This past week, I started noticing a lot of memes with a lot of seemingly made-up nonsense words in it.  It didn’t take long for me to realize that we were making fun of the English again.  

(Side note- I’m going to try to exclusively say “English” instead of “British” here, because the Scots are innocent in all of this.  Their tweets might seem just as nonsensical, but at least they slap.  I can’t really speak for the Welsh or North Irish, but I think it’s safe to assume they don’t want to be lumped in with the English, either.)

Smack. Barm. Pey. Wet.  Those words have been haunting my nightmares for days now.  It’s fun to say but what the fuck is it.

Turns out, the video that became the reason these words came to prominence also does a fairly decent job of explaining what it is.

So, smack barm is a fried slab of potato on a bun, served with a dollop of pey wet, or the watery, gravy-like liquid leftover in the vat of peas that’s kept on the hot line, presumably after all the peas have been served as a side dish for other items.

What the fuck? 

Listen, y’all got a lot of nerve talking about “fat Americans” (which, looking at the KFC donut sandwich, isn’t necessarily inaccurate…) while sitting around eating fried potato sandwiches.  And why is it that peas always seem to be the only vegetable the English know exist?  

Some Twitter users were quick to point out that, with Northern England’s working class background, meals with high calorie counts on the cheap make sense for people doing hard labor.  Some further internet sleuthing found some random forum poster explaining that until recently, most English supermarkets didn’t have wide varieties of produce readily available.  With peas being easily grown in the English climate, easily harvested by immigrant workers, and easily canned, it quickly took over the culinary landscape.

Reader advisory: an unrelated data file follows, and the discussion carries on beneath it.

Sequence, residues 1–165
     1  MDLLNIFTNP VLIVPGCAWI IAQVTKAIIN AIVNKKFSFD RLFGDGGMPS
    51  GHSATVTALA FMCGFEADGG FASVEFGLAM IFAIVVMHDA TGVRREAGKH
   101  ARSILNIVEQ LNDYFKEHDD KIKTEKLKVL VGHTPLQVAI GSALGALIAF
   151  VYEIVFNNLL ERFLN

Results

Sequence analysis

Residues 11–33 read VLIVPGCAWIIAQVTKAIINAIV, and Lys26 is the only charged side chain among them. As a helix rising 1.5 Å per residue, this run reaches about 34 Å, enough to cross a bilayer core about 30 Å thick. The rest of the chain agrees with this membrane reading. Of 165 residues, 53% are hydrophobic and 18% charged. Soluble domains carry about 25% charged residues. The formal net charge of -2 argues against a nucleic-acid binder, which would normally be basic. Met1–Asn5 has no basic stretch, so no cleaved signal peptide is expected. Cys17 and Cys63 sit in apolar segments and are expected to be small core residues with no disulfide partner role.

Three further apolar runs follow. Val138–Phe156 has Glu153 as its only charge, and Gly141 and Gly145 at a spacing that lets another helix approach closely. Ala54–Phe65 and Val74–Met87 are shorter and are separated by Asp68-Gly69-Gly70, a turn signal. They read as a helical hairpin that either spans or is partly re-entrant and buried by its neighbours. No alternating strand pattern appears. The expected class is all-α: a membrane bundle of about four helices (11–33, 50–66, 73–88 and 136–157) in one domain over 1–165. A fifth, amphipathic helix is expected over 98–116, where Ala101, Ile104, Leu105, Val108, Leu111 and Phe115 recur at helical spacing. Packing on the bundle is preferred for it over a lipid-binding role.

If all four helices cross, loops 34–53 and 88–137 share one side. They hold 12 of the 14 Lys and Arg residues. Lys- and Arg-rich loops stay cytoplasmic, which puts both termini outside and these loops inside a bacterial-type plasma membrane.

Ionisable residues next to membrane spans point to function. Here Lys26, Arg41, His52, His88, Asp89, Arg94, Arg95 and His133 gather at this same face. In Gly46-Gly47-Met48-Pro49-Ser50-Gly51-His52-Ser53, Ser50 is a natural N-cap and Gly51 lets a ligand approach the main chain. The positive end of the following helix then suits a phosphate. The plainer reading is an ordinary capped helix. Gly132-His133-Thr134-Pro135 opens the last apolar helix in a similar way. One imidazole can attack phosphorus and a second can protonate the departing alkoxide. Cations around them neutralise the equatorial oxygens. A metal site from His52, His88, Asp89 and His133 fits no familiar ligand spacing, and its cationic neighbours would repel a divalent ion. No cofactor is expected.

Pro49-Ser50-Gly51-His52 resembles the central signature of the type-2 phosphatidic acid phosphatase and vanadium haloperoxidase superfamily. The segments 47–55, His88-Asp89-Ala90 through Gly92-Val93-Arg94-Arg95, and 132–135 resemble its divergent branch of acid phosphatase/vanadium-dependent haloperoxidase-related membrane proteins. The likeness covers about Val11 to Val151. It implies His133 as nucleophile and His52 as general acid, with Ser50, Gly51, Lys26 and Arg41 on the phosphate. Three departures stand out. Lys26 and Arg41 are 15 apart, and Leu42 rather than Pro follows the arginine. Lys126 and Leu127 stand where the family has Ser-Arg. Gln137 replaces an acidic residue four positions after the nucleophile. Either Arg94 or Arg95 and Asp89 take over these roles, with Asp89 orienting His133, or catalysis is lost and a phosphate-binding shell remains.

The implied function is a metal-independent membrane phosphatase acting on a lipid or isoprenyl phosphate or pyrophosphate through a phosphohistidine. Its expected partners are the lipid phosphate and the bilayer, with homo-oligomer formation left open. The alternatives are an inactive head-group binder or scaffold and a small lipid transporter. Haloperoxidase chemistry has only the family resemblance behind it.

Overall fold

But one would think that with globalization that more produce would become readily available. (or not, thanks Brexit).  And sure, a Wigan kebab might make for a quick snack to recharge after a long shift, but even when Englanders try to take pics of their best Sunday roast or the most lavish English breakfast, it all looks like a desert of beige, occasionally accented with blobs of olive-drab peas.  How, in the nation that conquered ⅓ of the world in search of spices, could the food end up being so bland?

What if I told you… it was because they’re too horny?

In search of further evidence as to how English food got Like That™, I stumbled upon an article that said that deep down, the English are just too sexually repressed to make good food.   Preparing food, especially for others, really does require a certain level of tenderness that the English just aren’t used to expressing, or at least when compared to just about any other culture’s attitude towards food. It’s hard to imagine that a culture that relies so heavily on pies fails to appreciate the sensuality of the delicate touch needed to roll a pie dough to the proper thickness.  But alas, the English are all about that stiff upper lip, even to the point where having the family gather around the dinner table for holidays seems more like an obligation than a celebration, only allowed to show each other affection after a few pints.

It doesn’t come across as that crazy to me, really.  If graham crackers were invented to suppress libido, it’s easy to assume that a culture of suppressed libidos would lead to a cuisine just as bland.       

2 thoughts on “Why is English Food Like That?

  1. RJG says:

    New category/tag – “Why is X like that” or maybe just “Like That”

    1. Riley Johnson says:

      Mayhaps I will…..

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